There are two types of e-business, one being pure play and the other being brick and click.

Pure play – entails businesses focuses on a specific product or services as opposed to a multitude or the entire product offering. A good example of this is a collagen boosting company that sells just collagen drinks (assuming that they regularly make sales online and offline).

Bricks and clicks – this e-business type is the opposite of the above as it refers to businesses that operate both online and offline with a huge product offering and have both online and offline stores. With both hand-in-hand, the bricks and clicks model works well for a lot of companies, especially those you’d find on the high street that have been standing strong for years.

Wondering how both business models are so different? Buying and selling goods online is known as e-commerce, however with e-business, companies aren’t limited to simply buying and selling. They can operate offline as effectively as they do online.

Even if a business possesses an office with a physical presence and carries out their operations via the internet, this is still considered e-business. E-commerce requires full access to the internet to operate with their consumers, however e-business is much more than that. It can take advantage of the offline world as well as the intranet to connect with relevant parties.

Advantages of e-commerce and e-business

Both types have changed and switched up the way consumers interact and decide in their purchasing phase. Consumers first-hand know what the benefits are of both, but do you know what you can attain from them as the business owner?

As shown, both types aren’t actually in competition with each other. With e-commerce, you can keep costs down and reduce time spent in a brick-and-mortar store, focusing completely on online operations. By taking the business online, businesses can eliminate substantial costs.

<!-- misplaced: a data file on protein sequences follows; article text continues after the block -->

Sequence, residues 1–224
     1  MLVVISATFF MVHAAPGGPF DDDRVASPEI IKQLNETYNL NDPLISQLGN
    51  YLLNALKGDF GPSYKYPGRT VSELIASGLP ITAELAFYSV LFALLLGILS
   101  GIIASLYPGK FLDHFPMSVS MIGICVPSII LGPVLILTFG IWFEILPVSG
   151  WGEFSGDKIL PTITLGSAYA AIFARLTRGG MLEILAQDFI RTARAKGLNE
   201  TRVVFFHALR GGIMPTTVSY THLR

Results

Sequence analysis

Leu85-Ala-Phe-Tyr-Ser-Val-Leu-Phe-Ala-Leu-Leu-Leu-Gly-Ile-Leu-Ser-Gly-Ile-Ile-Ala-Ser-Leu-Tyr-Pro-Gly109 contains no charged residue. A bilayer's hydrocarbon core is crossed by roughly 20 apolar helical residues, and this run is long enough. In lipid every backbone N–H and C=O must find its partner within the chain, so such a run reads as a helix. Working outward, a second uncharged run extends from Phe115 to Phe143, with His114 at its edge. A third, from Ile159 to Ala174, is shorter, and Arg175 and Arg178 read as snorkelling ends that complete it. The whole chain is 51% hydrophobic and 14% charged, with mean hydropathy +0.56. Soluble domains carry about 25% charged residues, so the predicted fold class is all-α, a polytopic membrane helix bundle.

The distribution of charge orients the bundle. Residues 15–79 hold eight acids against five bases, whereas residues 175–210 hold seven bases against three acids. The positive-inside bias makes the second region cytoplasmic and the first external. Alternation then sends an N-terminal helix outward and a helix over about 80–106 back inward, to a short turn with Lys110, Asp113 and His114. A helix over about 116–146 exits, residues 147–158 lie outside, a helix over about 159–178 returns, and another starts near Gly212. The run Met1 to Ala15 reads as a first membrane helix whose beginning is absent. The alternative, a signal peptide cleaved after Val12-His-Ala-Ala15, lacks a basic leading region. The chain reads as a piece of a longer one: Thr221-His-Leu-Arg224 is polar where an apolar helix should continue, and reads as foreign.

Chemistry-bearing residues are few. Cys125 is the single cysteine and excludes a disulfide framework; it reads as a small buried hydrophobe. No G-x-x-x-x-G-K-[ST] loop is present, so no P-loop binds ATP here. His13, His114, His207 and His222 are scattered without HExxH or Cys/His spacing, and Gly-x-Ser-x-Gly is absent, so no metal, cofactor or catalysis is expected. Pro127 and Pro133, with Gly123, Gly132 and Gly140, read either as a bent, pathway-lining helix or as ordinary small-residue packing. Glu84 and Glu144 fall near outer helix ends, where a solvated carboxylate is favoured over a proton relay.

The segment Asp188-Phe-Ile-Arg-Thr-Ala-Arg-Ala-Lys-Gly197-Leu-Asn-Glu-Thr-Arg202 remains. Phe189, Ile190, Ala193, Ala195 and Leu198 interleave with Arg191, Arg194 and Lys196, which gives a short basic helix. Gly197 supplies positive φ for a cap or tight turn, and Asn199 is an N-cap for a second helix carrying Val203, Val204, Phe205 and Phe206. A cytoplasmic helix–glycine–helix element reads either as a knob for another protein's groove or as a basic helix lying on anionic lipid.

The internet is available online 24 hours, 7 day a week, so if you’re looking to enhance your offline business with online technology, e-business would be ideal for you. With an e-business, you can operate offline when you want whilst operating online all the time. With both an e-business and the e-commerce types, both the customer and the business can reap many benefits. As mentioned, e-commerce is a massive part of e-business, and the same goes for e-commerce laying foundations for e-business despite it not necessarily being e-commerce.

Key Differences Between eCommerce and eBusiness

Understanding the difference between e-commerce and e-business is pivotal in today's digital landscape. E-commerce primarily deals with online buying and selling transactions, while e-business encompasses a broader spectrum, including supply chain management, customer education, and internal processes. This distinction guides businesses in making strategic decisions, allocating resources efficiently, and delivering tailored customer experiences. By grasping these nuances, businesses can gain a competitive edge, adapt to evolving market dynamics, and ensure long-term sustainability in the digital realm.